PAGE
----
My thoughts,
George
 

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I know I'm walking into the tail-end of yet another discussion I don't know the lead up to here, but regardless... it's all about ergonomics and what makes you feel comfortable on the bike.

I'm running a Flanders cafe bar on the Scramber ATM, and it's tilted waaay back. (Not much rise, so this doesn't look ridiculous.) My hands are less horizontal, which they, my wrists, my arms, and my shoulders all like. Combined with the rearsets, it puts me in a comfortable position for drowning highway miles, and it's fine around town. I ride a bicycle a lot though, so I feel more comfortable tilted forward pretty far. On gravel and dirt, the narrower bar is not ideal, but I've been getting used to it, and the better fit makes me more comfortable through the hairy stuff.

Two up, it's absolute murder after about half an hour if I'm doing any braking at all, because my arms get loaded up from the extra weight of the passenger during braking, and they're just a little bit too bent to deal with it comfortably.

It's getting swapped for bar #3 here shortly, in an attempt to address the two-up braking issue and get back the gravel manners without completely giving up the better (for me) ergos.

Triumph certainly knew what they were doing when they put the controls where they did from the factory. Still, they're not in the right place for everyone, which is why other handlebars are available. Unfortunately, you can't just grab whichever one looks cool and expect it to work. It takes a lot of attention to getting the right bar in terms of width, rise, and pullback, and then positioning it correctly on the bike.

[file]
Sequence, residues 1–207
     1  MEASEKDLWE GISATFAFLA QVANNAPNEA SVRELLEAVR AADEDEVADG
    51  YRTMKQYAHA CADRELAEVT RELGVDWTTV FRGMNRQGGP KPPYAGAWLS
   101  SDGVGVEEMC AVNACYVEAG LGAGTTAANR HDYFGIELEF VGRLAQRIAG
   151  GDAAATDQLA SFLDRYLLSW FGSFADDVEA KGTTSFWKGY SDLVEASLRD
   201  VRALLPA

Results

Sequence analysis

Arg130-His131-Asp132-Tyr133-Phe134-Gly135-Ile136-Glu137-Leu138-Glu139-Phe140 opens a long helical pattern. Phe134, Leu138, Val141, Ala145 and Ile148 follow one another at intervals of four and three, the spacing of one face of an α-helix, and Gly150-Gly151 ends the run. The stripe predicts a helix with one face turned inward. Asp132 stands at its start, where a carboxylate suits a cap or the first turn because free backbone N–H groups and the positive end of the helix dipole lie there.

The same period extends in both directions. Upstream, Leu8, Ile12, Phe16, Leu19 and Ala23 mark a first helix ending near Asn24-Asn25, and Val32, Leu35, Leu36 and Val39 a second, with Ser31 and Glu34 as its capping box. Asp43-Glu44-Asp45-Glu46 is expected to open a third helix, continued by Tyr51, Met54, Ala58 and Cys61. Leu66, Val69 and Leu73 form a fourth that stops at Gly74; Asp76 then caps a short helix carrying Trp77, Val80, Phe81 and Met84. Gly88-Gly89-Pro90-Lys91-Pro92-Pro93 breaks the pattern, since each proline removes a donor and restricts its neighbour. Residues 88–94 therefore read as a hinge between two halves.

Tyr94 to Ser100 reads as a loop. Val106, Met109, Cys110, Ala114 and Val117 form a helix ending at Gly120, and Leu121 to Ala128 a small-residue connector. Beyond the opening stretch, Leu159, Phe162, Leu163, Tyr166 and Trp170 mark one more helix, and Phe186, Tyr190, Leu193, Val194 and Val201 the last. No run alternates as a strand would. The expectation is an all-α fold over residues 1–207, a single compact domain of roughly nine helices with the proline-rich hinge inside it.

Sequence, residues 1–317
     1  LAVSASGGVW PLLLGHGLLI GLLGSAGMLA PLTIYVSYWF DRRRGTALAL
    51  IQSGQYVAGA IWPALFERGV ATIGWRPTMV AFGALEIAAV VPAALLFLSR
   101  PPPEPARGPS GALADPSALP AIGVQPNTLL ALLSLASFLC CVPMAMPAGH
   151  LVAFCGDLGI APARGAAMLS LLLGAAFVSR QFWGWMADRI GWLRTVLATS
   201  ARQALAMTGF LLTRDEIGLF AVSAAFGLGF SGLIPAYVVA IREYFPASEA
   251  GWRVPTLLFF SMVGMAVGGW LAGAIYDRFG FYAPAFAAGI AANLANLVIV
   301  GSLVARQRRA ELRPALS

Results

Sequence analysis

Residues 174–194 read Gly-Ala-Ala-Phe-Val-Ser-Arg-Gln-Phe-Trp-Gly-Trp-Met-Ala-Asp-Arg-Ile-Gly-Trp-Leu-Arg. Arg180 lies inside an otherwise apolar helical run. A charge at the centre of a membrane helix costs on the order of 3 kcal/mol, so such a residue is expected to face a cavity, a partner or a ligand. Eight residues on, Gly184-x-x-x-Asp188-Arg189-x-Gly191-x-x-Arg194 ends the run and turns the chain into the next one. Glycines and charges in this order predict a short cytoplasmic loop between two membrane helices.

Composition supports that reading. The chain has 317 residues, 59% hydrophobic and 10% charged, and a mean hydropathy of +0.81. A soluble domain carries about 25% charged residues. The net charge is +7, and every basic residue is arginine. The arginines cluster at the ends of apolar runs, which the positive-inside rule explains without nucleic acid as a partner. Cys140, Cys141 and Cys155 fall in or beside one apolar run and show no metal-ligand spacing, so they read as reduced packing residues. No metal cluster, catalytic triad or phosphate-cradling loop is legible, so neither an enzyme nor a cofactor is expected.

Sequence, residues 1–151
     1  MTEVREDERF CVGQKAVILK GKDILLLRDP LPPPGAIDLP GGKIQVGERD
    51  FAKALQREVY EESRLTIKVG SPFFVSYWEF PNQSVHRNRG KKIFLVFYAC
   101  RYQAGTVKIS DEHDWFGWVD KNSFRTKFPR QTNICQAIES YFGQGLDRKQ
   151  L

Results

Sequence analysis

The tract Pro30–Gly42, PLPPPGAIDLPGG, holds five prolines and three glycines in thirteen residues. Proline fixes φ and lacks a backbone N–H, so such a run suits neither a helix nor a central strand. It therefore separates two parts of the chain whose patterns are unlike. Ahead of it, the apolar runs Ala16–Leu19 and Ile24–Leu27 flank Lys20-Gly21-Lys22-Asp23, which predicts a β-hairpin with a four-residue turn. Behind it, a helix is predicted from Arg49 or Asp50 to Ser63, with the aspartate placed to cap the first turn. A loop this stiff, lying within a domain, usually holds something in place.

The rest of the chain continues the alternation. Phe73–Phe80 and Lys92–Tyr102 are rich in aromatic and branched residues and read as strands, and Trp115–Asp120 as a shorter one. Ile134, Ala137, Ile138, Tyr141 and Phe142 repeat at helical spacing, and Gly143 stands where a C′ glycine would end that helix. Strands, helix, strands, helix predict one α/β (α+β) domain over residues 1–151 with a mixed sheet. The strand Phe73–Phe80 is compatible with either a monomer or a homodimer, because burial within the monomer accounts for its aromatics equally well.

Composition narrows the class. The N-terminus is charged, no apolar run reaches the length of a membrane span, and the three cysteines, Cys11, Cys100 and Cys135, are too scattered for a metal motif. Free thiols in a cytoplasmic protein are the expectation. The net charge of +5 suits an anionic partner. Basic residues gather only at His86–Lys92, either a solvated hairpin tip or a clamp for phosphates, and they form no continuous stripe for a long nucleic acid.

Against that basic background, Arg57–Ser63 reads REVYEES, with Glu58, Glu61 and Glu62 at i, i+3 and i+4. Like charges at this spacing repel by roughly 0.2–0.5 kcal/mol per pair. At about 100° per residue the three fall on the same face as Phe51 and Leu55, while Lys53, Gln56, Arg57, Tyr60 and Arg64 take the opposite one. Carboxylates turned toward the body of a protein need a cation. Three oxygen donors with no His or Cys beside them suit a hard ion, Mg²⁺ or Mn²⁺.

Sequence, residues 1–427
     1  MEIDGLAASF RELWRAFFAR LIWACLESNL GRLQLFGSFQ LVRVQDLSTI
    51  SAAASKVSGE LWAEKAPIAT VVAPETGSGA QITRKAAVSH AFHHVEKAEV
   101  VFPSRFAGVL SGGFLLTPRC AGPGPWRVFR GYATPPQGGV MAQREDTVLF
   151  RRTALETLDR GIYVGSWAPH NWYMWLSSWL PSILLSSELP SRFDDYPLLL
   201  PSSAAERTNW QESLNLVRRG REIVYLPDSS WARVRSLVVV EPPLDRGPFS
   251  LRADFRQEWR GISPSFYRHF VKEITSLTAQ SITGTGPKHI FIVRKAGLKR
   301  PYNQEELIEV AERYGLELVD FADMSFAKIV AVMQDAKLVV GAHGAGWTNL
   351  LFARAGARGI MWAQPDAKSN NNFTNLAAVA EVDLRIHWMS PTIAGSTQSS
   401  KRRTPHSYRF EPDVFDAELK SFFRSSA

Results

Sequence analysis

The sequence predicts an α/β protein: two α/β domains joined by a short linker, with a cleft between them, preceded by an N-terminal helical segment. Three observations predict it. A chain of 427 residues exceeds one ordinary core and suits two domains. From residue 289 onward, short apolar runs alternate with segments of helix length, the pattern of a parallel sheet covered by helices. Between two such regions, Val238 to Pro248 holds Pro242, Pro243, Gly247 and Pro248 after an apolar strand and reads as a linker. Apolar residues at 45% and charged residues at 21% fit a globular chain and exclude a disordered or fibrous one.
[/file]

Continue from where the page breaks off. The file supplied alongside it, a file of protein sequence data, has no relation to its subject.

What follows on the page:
Flaco mentioned Sideroad Cycles, which is where I got my current bar. I would recommend them. Flanders bars aren't cheap, but they're worth the coin. Here's why: My current setup puts the inner edges of the controls less than 1/4" from the tank at full lock. I've been down twice on the bike with that bar (both low speed, dropped it in a U-turn once, got hit once), taken good whacks on the right end of the bar, and that dimension hasn't changed at all. Cheap handlebar = $20-50. Expensive handlebar = $90. New tank = $850. Or at least that's how I do the math.